100 Creatives: Rhonda Mitrani, a Filmmaker Supporting Miami's Movie Culture
Mitrani working on the upcoming RPM Project show at Boca Museum of Art
In honor of our "People" issue, which will hit newsstands November 17, New Times proudly presents "100 Creatives," where we feature Miami's cultural superheroes. Have suggestions for future profiles? Let us know in the comments.
#98: Rhonda Mitrani
Miami's Rhonda Mitrani is one of the rare filmmakers who are just as invested in supporting the work of others as they are in their own. Her documentary Cuba Mia, which follows a group of Cuban Jews returning to their homeland after decades of exile, premiered at Miami International Film Festival and was broadcast on PBS. The filmmaker has also exhibited video art in galleries and art fairs, including her work with RPM Project, a collaborative effort among Mitrani, Patricia Schnall-Gutierrez, and Marina Font that explores feminine culture through different mediums.
Outside of working on her own video art and filmmaking, Rhonda Mitrani is the director of the Screening Room, an exhibition and project space located in Wynwood. There, she has hosted a myriad of events for the city's film set, from screenwriting workshops to discussions with visiting filmmakers and screenings of exciting films and video art. The Knight Foundation recently announced the Screening Room as one of its 68 finalists in the Knight Arts Challenge Miami.
List five things that inspire you.
1. The latest book is The Goldfinch [by Donna Tartt]. I go back to reread pages.
2. Shavasana — or corpse pose in yoga practice: total clarity.
3. Zhang Yimou, Quentin Tarantino, and Agnes Varda
4. Music: the Sundays, Jeff Buckley, Gary Clarke Jr.
5. My family: 2-, 6-, and 9-year-old little people
What was your last big project?
Right now I am installing for a solo show with my comrades Patricia Schnall Gutierrez and Marina Font [AKA RPM Project] at the Boca Museum of Art, opening October 18. Our latest piece is a short film called Blue. We shot in a tiny house in Wynwood that had a hole in the middle of the floor for the cats. For the music, we recorded an improvised session with a pianist and a cellist from the New World Symphony. I had the privilege of cueing live, much like a conductor does; they watched my hands while I signaled the different story beats in the film. I think I cried for a second when it was over. Working with Marina and Patricia has been a great gift. We pull the best of each other out, and together we take big risks in our work.
Rhonda Mitrani's short film Supermarket, a comedy about unplanned pregnancy.
What's your next big project?
There are two big ones. I am preparing for Art Basel week at the Screening Room, and I have the honor of working with two talented and spectacular women: curator Francine Birbragher and Colombian-born, New York-based multimedia artist Jessica Mitrani (no relation). The exhibition, Traveling Lady, features a site-specific installation reimagined from the original work — part performance, part film — featuring Rossy de Palma. The piece conjures the daring spirit of Nellie Bly, the 19th-century American journalist who circled the globe in 72 days, carrying little more than the clothes on her back. Bly was a pioneer of investigative journalism who became famous for traveling around the world at a time when women were expected to remain sedentary. For me, I am thrilled that I get to inspire anyone who walks through the Screening Room door, especially students coming from the surrounding areas in Miami. That is part of the mission of TSR.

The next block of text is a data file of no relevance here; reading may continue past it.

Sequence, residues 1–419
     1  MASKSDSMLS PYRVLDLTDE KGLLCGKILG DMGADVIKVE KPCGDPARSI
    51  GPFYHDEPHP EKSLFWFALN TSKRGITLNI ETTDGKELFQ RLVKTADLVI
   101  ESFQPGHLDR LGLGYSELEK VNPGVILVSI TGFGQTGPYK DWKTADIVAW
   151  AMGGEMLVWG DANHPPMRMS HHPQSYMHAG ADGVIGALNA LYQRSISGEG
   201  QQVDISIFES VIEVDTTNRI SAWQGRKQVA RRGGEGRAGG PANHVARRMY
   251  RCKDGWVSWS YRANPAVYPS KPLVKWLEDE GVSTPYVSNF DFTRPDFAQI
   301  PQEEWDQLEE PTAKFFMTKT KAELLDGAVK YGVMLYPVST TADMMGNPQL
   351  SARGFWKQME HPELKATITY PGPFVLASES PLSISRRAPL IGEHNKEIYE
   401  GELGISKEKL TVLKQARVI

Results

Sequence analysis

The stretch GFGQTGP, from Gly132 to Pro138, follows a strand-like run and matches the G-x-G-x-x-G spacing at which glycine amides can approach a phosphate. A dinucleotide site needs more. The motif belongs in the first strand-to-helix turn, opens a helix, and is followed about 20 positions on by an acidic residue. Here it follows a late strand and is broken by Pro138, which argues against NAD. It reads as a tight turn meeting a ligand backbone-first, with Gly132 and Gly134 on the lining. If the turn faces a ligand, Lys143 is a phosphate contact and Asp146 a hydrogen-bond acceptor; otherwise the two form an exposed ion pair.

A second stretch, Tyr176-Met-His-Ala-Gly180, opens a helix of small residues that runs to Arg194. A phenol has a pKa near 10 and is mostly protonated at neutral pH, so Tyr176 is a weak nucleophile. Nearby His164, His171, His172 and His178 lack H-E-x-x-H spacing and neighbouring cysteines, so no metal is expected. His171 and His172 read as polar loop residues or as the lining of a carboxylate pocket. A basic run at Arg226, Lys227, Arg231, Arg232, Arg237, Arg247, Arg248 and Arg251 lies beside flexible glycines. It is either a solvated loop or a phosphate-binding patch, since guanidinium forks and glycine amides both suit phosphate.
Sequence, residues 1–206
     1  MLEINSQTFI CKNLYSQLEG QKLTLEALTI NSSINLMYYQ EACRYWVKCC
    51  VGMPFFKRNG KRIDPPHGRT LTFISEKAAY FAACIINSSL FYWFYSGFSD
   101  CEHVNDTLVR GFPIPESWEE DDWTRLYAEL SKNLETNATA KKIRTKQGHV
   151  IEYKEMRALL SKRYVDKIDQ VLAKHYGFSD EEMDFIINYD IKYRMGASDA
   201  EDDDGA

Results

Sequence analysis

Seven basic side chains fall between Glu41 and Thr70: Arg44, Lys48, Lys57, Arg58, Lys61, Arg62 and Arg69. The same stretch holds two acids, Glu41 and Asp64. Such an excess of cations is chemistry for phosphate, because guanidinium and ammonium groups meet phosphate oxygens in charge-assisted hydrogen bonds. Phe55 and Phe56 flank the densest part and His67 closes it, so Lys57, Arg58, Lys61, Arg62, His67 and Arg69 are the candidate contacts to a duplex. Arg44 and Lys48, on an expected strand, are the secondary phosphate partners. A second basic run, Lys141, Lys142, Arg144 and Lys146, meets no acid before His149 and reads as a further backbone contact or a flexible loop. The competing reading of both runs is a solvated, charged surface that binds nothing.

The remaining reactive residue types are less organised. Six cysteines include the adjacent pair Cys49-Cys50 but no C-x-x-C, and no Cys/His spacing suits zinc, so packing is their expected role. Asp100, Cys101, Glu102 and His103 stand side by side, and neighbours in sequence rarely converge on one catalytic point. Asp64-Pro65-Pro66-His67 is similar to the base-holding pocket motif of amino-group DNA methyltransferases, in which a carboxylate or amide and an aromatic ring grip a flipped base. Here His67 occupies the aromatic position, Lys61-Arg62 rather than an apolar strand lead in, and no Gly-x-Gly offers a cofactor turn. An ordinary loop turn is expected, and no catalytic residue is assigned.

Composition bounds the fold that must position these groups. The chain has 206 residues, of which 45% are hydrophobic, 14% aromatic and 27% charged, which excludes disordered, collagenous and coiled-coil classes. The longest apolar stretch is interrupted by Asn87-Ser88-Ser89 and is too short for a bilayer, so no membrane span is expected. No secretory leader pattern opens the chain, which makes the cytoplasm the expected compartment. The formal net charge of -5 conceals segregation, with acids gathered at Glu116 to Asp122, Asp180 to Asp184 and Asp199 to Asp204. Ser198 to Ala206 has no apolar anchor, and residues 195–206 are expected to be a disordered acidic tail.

My second project is my fourth brainchild, who I am close to finally giving birth to. Kickstarter was a success, and Killer Content is providing incredible support for Supermarket, a short film about a woman who walks into a supermarket, steals an olive, and discovers she is pregnant. It is a satire on the pregnancy industry and also about my transformation from late-night workaholic to late-night breastfeeder.
What do you want Miami to know about you?
In 2002, I came back to Miami from New York, and my sister Dina and I decided to convert our parents' old factory and turn it into a center for creative thinking. I would go to South Beach to talk to friends and small creative businesses like Ecoist and convince them to come to the other side. Legal Art, now Cannonball, had their first office space here. Brandon Opalka, Annie Wharton, Wendy Wischer, and Adler Guerrier came through. And the parties! Dina and I had such a good time developing this hub in Wynwood with everything related to the arts. It was always word of mouth; the studios were always full with working artists during these last 14 years. During that time, the Screening Room — a recent Knight recipient — and Dina Mitrani Gallery were born, even though we were both already preparing for it our whole lives. I am happy we were part of one of the most special times in Miami art history. We helped create community, and it was awesome. Who knows what we will do next. It's percolating.
As for film work, some of my film and video installations have been inspired by experiences with my children. Every mother with the ambition to continue to practice in her field is always on a tightrope, a balancing act, so for me, making time for both and having this unexpected exchange between my children and my film work is a dream come true. I guess the important thing is to be present and to be open to everything around you because you never know when that "aha" moment is going to happen.
What don't you want Miami to know about you?
My lack of sense of direction has greatly improved thanks to the maps on the iPhone.
What's one thing you want people to know about Miami?
There are no better sunsets than our crazy-beautiful Miami skies.
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